Madonnatron | Live Review & Photoset

24th March | Hy-Brasil

Photos: Rowan Allen

It’s just before Madonnatron‘s set this evening at Hy-Brasil, and bassist Charlotte is nervous yet evidently ready, come what may. “My mum’s here, so I’m probably going to spend most of the set trying not to fuck up.” From the offset, it almost seems funny that there would be any feeling of nervousness, as Madonnatron demonstrate just how vigorous, eager and enthusiastic a live band they have become. Following the release of their first album last year, the four-piece from London have developed into quite the force live, the most suitable way to appreciate their curious and enlivening rock n roll.

Twin, the enigmatic and ethereal project of Christelle Atenstaedt from Bristol, opened the night with an arresting performance that was both abrasive and embracive. Atenstaedt’s voice conjures an ambience that is surprisingly spectral for how booming it sounds. There’s distortion and fragmentation, but what’s most impressive is all the various sounds Twin engages with and crafts into a cohesive whole. It’s as if many hands are tinkering with various keys and notes, processing them into something impressively organic and quite tender.

What’s immediately significant about Madonnatron is the full, rich sound they are able to deliver tonight. ‘Mother’s Funeral’ is a blurry rush of distortion and animation; the reverb is thick and lingering as the band bounce over the small stage, harmonising boldly and crafting an agitated mood. They are confident and brazen. The exuberance of ‘Headless Children’ is moulded from ghostly harmonies and a low, humming rhythm that is scraped from the gutter and churned through pedals.

Joanie leers over her synth at the crowd as she coos and howls in equal measure. Throughout she descends from the stage into the throng, dancing with the audience with an assured strut. She’s a fantastic figurehead within a group where no outright leadership is required. Stef’s vocal is the booming antithesis to Joanie’s ghostly coo, grating her throat as she barks the lyrics with venom. Despite the raspiness of their delivery, it’s unquestionable what commendable vocalists they all are.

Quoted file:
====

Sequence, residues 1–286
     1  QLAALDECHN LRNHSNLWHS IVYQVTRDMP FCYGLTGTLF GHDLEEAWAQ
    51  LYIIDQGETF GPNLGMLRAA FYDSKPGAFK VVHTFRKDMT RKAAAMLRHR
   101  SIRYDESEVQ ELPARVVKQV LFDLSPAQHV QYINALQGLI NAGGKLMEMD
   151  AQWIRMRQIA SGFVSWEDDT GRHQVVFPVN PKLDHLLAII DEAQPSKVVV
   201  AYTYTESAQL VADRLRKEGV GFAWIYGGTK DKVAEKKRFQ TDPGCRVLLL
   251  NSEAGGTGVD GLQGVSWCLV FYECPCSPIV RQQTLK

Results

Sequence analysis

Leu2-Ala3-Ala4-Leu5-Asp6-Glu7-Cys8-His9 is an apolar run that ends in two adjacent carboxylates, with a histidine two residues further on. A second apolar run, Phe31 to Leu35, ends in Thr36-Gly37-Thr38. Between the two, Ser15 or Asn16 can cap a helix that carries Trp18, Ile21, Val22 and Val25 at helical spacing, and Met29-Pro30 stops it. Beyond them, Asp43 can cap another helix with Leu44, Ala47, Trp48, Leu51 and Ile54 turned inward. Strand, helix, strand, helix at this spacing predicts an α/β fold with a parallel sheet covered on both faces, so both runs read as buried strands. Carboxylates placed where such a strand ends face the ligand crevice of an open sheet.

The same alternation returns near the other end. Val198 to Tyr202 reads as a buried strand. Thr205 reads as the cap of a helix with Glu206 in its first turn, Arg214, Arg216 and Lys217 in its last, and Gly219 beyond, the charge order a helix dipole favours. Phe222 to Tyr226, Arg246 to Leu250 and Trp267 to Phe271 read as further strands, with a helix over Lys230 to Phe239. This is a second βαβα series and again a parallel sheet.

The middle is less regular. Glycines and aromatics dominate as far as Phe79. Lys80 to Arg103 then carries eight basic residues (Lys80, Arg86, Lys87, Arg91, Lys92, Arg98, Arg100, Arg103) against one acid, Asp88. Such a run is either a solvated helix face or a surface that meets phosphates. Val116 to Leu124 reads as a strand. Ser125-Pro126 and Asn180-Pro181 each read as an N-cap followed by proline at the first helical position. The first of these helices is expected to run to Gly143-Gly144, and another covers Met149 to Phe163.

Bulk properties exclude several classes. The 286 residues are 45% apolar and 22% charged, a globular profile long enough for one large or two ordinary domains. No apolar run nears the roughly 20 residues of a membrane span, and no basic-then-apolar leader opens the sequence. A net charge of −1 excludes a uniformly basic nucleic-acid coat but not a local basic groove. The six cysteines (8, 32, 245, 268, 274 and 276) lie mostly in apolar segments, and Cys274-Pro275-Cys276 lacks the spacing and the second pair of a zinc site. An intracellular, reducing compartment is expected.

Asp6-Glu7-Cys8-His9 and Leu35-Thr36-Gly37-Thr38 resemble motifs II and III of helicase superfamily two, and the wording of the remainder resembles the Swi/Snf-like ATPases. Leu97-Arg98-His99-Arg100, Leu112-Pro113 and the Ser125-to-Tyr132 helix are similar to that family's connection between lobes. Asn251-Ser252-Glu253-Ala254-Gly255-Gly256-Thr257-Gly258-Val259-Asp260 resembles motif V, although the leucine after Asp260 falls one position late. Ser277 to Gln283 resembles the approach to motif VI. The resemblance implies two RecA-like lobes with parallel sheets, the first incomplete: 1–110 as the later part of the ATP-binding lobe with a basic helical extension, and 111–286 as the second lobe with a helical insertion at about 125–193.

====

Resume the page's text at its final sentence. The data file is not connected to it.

This balance of artistic flair and unhampered freedom obviously translates into their musicianship, and is the principal reason for everything sounding as tenacious as it does. Throughout new single ‘Mermaids,’ the guitar enhances the entrancing strangeness and disorientating mood of their music, and it’s pushed high in the mix to full effect. If it wasn’t for the gravelly, garage rock nature of their sound, their music could easily have you in a trance, as it swells within another polluted riff. That’s not to say the group linger at all when performing; they wail through an impressive amount of the album and it doesn’t once feel draining.

Before you know it, the set reaches its completion under a barrage of unmitigated feedback and one last flail around the stage from the whole group. Madonnatron come from a particularly talked about community of bands and musicians, and they are perhaps the most underrated of the lot.